Mehdi Lahlou, PhD, is an economist with expertise in the analysis of irregular migration dynamics and in related policies in the Mediterranean and between Europe and Africa. He co-wrote the first report published in 2002 by the Migration Department of the International Labour Organization devoted to irregular migration from Africa. He coordinated the returnees programme, “Returning to New Opportunities”, in Morocco (2018-2020). He has formerly been a professor at INSEA and he is currently senior researcher at Mohamed V University, Rabat. He is a member of the Bureau of the International Association of Migration (AMI), Morocco. He is also a member of the Global Migration Group of the Foundation for European Progressive Studies (FEPS), Brussels.
Mohamed Benslama is an entrepreneur, musician, teacher of cinema in the School of Art in Tunisia, and founder of several networks in the cultural field. After studying cinema and psychology, he directed and participated in the production of several Tunisian and international films. Aware of the major challenges of cultural policies, he launched the Tunisian Cultural Observatory in 2015, a platform bringing together cultural actors, promoting a participative and inclusive cultural policy, under the association of Our Culture First. He conducted a study on cultural practices with a focus on the south of Tunisia. In June 2016, he cofounded La Fabrique Art Studio to promote young artists and artistic creations. La Fabrique is a collaborative space dedicated to artists and musicians for rehearsals, live recording and bookings. As executive director for Our Culture First, Mohamed is committed to structuring the cultural sector by mobilizing the key players and by participating in the various initiatives implemented by the government, private sector, and civil society in Tunisia and in the MENA region. Currently, he is contributing to the establishment of an African network on cultural policies and to the publication of the inventory of cultural policies in the MENA Region. He has received an award for cultural expertise from UNESCO Tunisia and he serves as mentor and consultant for EU funded projects.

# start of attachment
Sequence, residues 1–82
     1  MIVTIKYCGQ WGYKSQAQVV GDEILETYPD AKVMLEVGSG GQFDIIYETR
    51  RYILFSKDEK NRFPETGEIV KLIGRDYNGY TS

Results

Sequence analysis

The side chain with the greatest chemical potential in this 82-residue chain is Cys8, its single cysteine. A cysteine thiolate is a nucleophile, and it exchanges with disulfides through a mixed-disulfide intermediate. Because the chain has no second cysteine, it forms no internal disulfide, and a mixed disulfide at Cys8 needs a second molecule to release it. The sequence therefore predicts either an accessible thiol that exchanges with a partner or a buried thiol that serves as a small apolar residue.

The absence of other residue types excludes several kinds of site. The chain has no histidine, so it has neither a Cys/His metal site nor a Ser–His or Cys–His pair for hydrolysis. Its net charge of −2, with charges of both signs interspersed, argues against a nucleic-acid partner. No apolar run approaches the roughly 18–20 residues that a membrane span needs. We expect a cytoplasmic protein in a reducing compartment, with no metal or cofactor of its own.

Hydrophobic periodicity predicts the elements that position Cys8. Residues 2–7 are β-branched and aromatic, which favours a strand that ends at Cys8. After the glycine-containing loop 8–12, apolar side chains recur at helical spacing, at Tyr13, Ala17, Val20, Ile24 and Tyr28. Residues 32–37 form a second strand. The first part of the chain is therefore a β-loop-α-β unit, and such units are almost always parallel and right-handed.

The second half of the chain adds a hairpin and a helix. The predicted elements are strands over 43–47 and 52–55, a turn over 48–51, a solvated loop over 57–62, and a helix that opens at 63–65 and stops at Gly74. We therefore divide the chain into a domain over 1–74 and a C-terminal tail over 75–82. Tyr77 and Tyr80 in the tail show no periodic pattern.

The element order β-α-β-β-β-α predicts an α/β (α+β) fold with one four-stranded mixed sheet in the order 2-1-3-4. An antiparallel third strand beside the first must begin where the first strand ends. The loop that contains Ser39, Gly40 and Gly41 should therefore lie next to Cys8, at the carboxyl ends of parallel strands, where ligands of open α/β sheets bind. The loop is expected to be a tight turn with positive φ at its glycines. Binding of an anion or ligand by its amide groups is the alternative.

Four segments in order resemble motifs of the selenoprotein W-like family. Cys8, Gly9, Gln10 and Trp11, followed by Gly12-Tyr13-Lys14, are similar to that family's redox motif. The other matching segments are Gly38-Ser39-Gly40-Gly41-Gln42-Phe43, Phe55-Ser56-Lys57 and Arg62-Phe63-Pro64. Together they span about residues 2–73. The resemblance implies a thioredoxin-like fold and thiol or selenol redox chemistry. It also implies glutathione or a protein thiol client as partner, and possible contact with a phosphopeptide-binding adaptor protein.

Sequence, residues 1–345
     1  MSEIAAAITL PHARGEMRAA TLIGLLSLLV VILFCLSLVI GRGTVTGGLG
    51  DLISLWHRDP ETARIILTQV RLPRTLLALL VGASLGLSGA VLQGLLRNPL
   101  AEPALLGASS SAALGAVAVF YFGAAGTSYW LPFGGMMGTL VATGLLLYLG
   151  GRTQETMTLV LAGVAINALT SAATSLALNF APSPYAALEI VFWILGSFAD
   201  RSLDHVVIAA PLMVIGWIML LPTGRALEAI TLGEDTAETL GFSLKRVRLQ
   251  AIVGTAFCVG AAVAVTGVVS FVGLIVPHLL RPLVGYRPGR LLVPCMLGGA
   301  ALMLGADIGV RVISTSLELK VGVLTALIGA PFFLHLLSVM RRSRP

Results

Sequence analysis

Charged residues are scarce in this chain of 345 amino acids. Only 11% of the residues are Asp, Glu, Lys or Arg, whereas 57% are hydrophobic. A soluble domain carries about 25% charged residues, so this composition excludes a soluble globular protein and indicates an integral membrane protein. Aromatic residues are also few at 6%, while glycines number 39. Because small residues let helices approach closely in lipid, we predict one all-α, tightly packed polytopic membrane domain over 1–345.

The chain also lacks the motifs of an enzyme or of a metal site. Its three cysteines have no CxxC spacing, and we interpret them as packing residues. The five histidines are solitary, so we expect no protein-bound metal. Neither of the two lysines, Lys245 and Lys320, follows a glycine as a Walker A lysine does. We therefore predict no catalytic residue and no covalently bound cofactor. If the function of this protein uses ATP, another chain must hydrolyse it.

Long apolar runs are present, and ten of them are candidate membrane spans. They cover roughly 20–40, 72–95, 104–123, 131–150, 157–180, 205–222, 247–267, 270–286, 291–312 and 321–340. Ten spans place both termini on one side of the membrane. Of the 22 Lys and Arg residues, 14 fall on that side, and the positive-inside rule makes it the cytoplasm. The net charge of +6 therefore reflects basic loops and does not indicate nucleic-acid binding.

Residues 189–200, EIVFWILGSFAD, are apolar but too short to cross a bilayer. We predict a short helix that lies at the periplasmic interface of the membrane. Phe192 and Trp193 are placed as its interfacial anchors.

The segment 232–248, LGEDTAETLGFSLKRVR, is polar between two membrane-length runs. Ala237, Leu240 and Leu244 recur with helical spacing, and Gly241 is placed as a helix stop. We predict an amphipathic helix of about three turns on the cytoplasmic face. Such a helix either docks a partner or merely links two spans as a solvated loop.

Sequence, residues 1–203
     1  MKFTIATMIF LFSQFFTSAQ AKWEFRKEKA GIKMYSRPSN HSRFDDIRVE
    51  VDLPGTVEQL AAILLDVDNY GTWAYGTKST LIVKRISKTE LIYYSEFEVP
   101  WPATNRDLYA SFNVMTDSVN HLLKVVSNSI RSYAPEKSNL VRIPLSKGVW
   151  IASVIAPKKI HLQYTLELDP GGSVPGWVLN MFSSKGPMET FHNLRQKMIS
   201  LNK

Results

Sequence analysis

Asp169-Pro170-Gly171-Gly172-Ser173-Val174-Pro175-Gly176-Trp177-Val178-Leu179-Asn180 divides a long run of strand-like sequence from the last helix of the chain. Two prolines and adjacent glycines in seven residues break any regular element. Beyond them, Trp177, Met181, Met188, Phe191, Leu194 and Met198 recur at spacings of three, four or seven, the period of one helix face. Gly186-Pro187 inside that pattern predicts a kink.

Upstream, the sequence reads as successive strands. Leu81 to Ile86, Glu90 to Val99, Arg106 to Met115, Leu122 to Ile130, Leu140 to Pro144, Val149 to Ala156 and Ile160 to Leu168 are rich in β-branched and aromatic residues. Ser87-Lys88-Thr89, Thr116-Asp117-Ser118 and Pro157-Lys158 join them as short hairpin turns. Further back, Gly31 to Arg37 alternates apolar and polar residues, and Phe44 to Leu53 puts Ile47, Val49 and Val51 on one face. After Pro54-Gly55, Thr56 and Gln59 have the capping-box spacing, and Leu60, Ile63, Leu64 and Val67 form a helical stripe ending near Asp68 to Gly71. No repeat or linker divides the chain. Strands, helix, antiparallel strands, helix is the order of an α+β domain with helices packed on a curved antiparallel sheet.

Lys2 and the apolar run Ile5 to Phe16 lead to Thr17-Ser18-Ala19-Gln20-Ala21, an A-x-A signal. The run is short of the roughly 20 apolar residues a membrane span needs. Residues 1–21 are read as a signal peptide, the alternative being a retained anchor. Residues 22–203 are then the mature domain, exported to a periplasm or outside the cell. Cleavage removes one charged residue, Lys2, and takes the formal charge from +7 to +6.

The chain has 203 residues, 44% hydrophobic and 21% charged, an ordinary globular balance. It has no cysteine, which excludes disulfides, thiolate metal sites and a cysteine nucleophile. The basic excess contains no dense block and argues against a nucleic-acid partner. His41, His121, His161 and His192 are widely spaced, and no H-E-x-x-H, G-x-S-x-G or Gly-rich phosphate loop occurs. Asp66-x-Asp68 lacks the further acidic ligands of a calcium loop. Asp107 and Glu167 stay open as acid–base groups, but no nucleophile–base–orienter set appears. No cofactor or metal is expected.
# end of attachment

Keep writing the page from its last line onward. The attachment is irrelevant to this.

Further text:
Dr Mohamed Saïb Musette is an Algerian sociologist. He is the Research Director at the Research Center in Applied Economics for Development (CREAD) in Algiers, Algeria. His research interests include youth, the labor market and international migrations. As a researcher, he has delivered more than a hundred lectures at universities in Algeria, Africa and Europe. He has published some fifty articles in national and international scientific journals as well as twelve collective books, including four on international migrations. He is a reviewer for many national and international scientific journals. He acts also as national consultant for several departments of the Algerian government. He is the national expert on international migrations for the Ministry of Foreign Affairs, as part of the EUROMED Migration III & IV program. He has produced twenty-five technical reports as international expert for UN agencies (UNDP, ILO, World Bank, UNESCO, FAO and UNIFEM), the European Union and the African Union.